The staircase wall is an excellent place for a gallery. It provides a large amount of empty wall space you can play with.
A picture frame gallery display can provide more texture and visual interest to an otherwise empty (and wasted) space. However, a stairways gallery has its own unique challenges. You are decorating a wall that needs to be angled to follow the slope of the stairs. You also have to check the frames’ position with respect to the other frames.
Here are some tips in helping you create a gallery on your staircase wall:
- Balance unity with variety. One of the issues in a gallery display is how you can use varying pictures (often from different eras) and unite them into one cohesive look. You can choose an element that can tie these pictures or images together. This can be done by using similar picture frames with similar shapes and sizes. For instance, you can go for using rectangular vintage picture frames for all the photos. Or, you can pick a color motif that can run through the display in various ways – in the matting, on the frame’s molding and in other decorative pieces. Another option is to use black and white pictures only for the entire display. To add some visual kick to the display and prevent it from getting too monotonous, you can also add some breaks in the pattern. For example, in a black and white display, add a picture where the main color is bright red. If you are using all black or all silver picture frames, introduce different shapes. You can also use pictures from different times and unify it by using the similar or complementary mat and frame colors. Play with the traditional alignment patterns. What is important is that you are able to find your preferred balance between unity and variety.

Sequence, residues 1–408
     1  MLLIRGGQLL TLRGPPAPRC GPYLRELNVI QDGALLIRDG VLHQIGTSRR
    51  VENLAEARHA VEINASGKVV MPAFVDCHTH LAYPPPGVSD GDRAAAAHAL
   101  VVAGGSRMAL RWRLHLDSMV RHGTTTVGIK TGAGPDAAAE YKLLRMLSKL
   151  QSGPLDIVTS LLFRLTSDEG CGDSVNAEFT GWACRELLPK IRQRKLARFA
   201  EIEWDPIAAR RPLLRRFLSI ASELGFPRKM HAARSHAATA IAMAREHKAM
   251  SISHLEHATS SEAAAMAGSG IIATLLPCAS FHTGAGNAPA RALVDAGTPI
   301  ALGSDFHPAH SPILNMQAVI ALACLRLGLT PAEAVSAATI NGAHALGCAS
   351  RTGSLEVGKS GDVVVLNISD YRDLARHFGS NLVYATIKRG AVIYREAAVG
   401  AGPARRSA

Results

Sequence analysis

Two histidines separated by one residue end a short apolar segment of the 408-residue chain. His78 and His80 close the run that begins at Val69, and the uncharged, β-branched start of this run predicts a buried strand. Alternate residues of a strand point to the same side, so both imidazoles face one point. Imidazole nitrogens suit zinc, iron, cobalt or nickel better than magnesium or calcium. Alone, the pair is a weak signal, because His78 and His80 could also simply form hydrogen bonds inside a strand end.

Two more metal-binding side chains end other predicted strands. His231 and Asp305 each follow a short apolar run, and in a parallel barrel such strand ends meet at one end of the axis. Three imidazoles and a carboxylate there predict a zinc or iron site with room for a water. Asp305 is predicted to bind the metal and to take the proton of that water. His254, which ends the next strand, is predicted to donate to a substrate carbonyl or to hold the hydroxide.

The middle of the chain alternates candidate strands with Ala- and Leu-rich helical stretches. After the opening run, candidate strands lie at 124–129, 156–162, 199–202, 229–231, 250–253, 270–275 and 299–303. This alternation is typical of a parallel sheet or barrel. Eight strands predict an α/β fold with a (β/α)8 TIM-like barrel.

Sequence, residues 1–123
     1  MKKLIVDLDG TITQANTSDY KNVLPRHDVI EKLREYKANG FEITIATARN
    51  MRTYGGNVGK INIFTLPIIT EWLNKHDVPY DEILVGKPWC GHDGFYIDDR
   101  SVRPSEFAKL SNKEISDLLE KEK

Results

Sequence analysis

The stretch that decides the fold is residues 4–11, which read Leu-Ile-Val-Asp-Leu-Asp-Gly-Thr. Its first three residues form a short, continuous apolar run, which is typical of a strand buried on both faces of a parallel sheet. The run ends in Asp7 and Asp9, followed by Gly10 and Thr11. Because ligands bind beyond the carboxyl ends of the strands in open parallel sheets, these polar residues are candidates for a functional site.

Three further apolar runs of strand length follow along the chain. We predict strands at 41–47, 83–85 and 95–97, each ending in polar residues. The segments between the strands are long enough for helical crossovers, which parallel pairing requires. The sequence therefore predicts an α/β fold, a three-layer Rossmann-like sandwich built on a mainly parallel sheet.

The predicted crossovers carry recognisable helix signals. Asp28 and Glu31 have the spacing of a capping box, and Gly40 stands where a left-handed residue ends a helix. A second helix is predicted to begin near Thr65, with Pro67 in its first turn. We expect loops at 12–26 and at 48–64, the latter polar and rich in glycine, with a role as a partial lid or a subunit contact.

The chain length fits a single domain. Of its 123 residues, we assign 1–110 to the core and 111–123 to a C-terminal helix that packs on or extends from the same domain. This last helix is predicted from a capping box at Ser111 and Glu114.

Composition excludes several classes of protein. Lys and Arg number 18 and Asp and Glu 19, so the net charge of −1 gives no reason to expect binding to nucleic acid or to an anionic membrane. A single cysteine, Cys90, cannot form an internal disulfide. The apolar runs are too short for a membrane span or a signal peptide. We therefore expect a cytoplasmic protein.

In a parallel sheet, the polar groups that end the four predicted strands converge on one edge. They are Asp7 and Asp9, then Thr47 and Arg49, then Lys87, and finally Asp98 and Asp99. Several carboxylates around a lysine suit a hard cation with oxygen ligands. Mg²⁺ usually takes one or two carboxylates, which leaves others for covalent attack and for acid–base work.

- Use a baseline. There should be an imaginary line going up the wall that is parallel to the angle of the stairs. Ideally, the height of this baseline should be around 1.65 meters from the step just below that section of the line. This makes it easier to create a harmonious looking display. As long as the centers of the frames line up, the display will look cohesive, even if the rest of the frames’ tops and bottoms do not line up. When using a baseline, be sure that it is a bit higher than the banister so that the banister does not block the view from the display.
- Start with cut-outs. Before you start pounding on the wall, create paper cutouts of the frames so that you can switch them around and plot their overall layout. This way, you avoid drilling unnecessary holes into your wall.
- Choose your “anchor” photos and frames. The frames and pictures at the top and bottom of the baseline or the display should be the highlights. Ideally, these are the largest frames in your display. Once this is set up, you can now plot the other frames in between, as well as above and below these anchor frames.
- Fix any lighting issues. It would be a waste to have a well-planned gallery, and then place it in a dark stairway wall. Look at the lighting. If need be, put additional overhead spotlights along the wall.